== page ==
The Science of MS
What is smouldering MS?
Have you heard about ‘smouldering MS’? Don’t worry if not, as it’s a relatively recent term used to describe a specific process that happens in people living with MS. Unfortunately, much of the information available about this topic isn’t easily accessible to patients as it’s often written as part of a scientific publication or on a website better suited to healthcare professionals. But this is where we can help!
We’ve created this article to help you understand smouldering MS and how its lesions differ from the lesions most commonly associated with MS. We will briefly explore the impact that smouldering lesions can have on MS disease progression, and also cover some simple steps that you can take that may help to reduce the effect that smouldering MS has on your life.
Smouldering MS is characterised by the presence of smouldering lesions, a specific type of lesion observed in people living with MS that is chronically active and grows slowly over many years. You may also see them referred to as ‘rim lesions’, ‘chronic active lesions’ or ‘slowly expanding lesions’, alternative names used by scientists studying this particular area of MS disease.
Smouldering lesions are common in people living with MS and can affect anyone, regardless of the type of MS someone has or whether someone has a history of taking a disease modifying therapy (DMT). However, they are generally associated with progressive, and more aggressive and damaging forms of MS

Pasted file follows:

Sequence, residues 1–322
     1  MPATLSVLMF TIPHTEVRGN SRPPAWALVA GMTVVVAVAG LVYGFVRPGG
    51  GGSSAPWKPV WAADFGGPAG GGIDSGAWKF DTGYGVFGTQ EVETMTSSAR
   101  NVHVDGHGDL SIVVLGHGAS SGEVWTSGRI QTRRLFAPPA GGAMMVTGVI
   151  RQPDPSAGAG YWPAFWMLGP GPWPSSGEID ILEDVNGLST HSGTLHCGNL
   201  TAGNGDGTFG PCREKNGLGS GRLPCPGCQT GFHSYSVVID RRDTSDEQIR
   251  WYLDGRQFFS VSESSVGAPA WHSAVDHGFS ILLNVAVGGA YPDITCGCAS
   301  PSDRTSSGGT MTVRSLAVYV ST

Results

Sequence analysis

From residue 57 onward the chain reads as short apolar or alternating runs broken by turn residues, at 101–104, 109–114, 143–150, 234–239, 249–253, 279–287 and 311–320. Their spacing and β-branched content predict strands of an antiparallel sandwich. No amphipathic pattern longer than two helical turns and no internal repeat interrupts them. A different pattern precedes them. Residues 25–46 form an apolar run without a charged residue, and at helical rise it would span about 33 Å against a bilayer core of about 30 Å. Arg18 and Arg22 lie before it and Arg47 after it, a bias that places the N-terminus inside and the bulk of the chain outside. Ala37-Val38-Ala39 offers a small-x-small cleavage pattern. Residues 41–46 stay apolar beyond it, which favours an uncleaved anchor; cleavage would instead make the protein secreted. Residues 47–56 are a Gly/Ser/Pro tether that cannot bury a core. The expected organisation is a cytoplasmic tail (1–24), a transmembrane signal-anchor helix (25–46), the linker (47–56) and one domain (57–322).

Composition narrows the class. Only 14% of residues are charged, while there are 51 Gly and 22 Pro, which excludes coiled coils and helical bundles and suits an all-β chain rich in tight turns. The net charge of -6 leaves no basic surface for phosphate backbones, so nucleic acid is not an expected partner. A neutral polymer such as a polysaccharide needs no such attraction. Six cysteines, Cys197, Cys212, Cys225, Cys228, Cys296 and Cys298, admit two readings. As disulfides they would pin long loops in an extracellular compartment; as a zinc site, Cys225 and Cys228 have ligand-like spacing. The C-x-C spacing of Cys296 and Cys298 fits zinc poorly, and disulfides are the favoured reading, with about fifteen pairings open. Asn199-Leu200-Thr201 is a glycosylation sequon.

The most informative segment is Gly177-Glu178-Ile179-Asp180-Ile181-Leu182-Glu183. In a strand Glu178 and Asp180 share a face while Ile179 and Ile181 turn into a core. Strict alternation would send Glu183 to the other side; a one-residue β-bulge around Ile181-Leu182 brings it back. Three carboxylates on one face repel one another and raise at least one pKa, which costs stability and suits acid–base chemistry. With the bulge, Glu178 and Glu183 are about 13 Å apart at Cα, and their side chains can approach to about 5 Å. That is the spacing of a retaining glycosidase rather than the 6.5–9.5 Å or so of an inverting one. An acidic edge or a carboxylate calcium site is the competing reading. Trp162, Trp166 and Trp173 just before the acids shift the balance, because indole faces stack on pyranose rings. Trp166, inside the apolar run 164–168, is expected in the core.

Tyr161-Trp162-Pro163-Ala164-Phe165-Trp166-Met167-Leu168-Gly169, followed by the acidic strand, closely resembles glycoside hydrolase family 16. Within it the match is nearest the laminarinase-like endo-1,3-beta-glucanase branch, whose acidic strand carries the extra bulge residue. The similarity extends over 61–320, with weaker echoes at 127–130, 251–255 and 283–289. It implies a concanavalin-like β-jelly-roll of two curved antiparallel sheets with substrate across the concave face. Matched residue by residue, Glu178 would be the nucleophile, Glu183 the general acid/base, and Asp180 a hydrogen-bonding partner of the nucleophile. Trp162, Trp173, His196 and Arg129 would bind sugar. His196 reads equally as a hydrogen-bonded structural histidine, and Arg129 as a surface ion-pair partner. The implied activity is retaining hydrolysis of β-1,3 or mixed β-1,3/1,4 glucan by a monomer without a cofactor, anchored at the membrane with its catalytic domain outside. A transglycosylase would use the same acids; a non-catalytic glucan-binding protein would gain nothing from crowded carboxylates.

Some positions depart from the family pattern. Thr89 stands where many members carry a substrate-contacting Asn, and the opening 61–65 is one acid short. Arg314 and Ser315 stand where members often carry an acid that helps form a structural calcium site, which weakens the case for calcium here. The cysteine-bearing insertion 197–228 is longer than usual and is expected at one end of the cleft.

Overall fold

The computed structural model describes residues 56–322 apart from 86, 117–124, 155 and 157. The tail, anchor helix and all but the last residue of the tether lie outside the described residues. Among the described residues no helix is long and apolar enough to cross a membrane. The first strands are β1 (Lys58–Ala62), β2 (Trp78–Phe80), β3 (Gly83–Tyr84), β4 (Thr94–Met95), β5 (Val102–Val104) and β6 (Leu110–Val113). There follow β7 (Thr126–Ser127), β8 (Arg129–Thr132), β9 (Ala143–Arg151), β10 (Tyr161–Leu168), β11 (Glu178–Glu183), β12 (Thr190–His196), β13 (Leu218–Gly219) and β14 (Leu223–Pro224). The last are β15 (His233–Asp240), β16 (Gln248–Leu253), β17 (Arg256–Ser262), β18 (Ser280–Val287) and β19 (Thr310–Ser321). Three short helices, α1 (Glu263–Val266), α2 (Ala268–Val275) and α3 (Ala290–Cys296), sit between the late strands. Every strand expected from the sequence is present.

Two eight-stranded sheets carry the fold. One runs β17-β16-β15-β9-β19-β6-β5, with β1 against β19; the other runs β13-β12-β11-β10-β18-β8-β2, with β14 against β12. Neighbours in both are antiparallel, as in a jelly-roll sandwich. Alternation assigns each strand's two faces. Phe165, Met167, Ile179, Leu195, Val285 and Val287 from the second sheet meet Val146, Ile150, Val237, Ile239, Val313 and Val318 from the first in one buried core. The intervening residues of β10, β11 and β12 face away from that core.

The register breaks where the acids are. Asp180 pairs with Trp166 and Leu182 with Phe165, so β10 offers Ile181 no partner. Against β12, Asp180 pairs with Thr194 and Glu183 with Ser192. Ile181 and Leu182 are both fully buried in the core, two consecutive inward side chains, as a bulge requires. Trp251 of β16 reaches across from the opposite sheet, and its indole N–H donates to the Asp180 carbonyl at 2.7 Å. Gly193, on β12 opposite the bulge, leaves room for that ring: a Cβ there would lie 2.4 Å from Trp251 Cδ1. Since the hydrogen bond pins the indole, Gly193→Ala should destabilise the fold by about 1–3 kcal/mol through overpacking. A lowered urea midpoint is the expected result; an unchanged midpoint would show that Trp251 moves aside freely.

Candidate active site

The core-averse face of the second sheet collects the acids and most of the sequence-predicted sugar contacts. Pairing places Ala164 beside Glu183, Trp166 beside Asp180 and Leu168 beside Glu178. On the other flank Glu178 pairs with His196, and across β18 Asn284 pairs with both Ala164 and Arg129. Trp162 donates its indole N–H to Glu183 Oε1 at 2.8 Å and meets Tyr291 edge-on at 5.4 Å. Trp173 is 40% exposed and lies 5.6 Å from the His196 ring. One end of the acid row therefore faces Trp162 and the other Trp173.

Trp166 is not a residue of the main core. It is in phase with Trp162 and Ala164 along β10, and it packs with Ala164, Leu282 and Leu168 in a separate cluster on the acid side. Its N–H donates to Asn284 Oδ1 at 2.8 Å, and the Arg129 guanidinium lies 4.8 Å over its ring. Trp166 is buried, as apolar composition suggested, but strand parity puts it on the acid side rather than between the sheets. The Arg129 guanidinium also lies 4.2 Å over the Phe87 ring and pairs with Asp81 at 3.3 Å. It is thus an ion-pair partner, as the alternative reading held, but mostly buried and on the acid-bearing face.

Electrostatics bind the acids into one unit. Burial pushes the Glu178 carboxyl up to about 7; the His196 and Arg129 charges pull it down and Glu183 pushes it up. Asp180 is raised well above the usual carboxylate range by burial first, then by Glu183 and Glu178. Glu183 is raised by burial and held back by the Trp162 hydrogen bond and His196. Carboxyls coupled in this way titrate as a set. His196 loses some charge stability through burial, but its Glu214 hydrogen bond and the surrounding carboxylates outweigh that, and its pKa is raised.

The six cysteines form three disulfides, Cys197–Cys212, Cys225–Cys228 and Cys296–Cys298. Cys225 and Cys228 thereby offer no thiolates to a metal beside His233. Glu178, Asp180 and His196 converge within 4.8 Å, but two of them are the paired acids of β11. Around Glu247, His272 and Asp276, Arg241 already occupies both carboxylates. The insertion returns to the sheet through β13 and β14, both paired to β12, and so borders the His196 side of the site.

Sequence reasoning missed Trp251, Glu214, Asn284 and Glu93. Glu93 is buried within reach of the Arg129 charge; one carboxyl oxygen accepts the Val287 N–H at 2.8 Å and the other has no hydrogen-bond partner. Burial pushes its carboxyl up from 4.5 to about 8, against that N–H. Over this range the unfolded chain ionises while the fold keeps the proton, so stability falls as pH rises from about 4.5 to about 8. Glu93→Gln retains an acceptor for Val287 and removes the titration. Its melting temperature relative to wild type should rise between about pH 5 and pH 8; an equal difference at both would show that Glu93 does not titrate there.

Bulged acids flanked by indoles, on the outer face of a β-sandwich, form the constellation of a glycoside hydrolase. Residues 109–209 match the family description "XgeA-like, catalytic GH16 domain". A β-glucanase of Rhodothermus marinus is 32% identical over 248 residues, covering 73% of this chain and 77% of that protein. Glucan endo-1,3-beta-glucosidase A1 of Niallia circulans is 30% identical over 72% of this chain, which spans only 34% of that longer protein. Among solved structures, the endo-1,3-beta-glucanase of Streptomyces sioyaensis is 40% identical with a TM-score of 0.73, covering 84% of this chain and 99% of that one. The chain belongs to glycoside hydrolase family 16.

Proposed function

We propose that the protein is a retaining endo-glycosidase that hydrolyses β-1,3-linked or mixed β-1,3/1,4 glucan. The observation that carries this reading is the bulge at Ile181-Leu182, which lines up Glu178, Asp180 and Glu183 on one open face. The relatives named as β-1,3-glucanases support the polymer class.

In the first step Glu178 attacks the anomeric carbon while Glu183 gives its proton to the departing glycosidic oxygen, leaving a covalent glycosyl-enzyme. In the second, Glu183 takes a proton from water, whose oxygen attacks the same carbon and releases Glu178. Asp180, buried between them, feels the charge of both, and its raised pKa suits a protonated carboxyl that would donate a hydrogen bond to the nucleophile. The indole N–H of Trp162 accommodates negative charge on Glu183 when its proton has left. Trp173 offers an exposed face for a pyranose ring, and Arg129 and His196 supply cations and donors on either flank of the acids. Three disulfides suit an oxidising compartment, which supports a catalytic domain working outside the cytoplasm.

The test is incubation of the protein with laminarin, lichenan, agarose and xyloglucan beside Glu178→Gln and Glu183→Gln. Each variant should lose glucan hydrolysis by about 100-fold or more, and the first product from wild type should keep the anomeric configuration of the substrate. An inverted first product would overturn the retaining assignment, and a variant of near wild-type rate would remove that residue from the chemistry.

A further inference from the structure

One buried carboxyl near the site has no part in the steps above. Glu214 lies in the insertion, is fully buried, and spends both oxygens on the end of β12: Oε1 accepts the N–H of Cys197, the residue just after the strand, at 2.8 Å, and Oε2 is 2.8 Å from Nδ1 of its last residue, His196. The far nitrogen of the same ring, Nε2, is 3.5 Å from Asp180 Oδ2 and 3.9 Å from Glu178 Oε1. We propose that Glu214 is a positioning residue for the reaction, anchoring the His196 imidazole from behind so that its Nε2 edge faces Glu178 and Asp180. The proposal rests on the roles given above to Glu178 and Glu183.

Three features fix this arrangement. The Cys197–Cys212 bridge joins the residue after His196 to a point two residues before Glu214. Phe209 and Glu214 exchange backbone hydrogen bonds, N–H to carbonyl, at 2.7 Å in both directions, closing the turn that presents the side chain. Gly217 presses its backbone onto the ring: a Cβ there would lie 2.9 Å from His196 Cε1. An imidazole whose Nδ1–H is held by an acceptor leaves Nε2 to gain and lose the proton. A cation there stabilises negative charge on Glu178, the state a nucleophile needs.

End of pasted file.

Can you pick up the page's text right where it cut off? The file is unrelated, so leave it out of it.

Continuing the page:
Smouldering lesions differ from the normal lesions associated with MS, both in terms of appearance and behaviour.
Non-smouldering lesions have the ability to shrink or even to completely heal and disappear over time. This is in stark contrast to the behaviour of smouldering lesions which are thought to represent long-term, active inflammation in MS that is continuous in nature. These lesions instead remain and actively expand for many years.
A team of researchers have recently developed an imaging technique which makes it possible to visualise smouldering lesions and distinguish them from lesions that don’t smoulder based on their appearance – something that wasn’t previously possible. Using this advanced imaging technology, a distinctive, dark rim can be observed around smouldering lesions.
This rim is a visual characteristic that differentiates these lesions from others and is caused by microglia, a type of immune cell that roams the central nervous system (CNS) to remove any cell fragments, waste, and foreign material, such as bacteria and viruses. This is also why smouldering lesions are sometimes called ‘rim lesions’. Microglial activity in the CNS is normal and healthy, but that microglia can sometimes be triggered into an overactive state and that this is when they can cause disease.
We must clarify that smouldering lesions is still a relatively new topic and the role they play in MS is not fully understood, with further research required for us to realise the exact significance of this particular type of MS activity for people living with the condition.